PhD dissertation, Indiana University of Pennsylvania, 2015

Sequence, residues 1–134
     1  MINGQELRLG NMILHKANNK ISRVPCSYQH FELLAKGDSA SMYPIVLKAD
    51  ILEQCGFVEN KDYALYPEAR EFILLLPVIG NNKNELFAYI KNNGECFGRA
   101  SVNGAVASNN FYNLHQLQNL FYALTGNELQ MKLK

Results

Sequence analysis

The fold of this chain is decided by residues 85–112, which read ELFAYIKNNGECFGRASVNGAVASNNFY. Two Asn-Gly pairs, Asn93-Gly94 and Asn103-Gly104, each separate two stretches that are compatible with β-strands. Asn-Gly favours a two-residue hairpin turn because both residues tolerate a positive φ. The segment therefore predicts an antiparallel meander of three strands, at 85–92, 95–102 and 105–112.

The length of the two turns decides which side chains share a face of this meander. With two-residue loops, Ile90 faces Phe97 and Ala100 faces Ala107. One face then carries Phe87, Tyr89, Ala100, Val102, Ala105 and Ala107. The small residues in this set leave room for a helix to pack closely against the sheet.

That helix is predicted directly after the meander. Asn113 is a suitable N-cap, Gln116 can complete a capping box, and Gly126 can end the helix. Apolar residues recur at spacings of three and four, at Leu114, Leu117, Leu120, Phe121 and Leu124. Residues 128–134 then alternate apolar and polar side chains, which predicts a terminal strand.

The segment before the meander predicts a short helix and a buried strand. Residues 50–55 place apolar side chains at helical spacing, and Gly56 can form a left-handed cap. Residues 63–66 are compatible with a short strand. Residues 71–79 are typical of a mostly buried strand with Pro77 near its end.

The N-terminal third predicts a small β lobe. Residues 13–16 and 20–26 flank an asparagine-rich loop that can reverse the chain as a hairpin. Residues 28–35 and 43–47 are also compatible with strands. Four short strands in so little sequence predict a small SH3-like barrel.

This dissertation will identify and evaluate a new category of transatlantic, twentieth-century literature by showing the influence of speculative writing on three intersecting critical categories: modern literature, apophatic mysticism, and philosophical pessimism. Historically, the idea of negativity has been approached by focusing on its relegation to one or another discipline. However, I will describe an innovative mode of negative writing that engages in an interdisciplinary type of intellectual and aesthetic performance. In chapters on Thomas Ligotti, Georges Bataille, and E. M. Cioran, I propose that these modern writers employ a mode of writing that unfolds in genre-bending, literary experimentation, and aphoristic discourse that seeks to merge new conceptions of reality with ongoing processes of individuation. My study thus utilizes an interdisciplinary approach to focus on a modern form of writing that allows us to think the crucial relations among philosophy, horror fiction, and medieval mysticism. I will consider these authors as key anti-correlationist predecessors to a radical and speculative cosmology, one that accounts for and exists at the absolute limits of what can be humanly known. To do so, I will look to the weird as this new mysticism’s sanctues dininae, as it blurs the boundaries between horror and philosophy, materialism and mysticism. These writers are analyzed for their refusal to accept the subject/object binary which, although fascinating in its own right, has served as a hindrance to thought, dislodging our ability to think in absolute terms. Hence, each writer begins with the paradoxical and horrific dilemma of trying to think the unthinkable, thereby allowing for critical acknowledgment of the absolute’s very importance to human life during times of cultural, ecological, and economic crisis.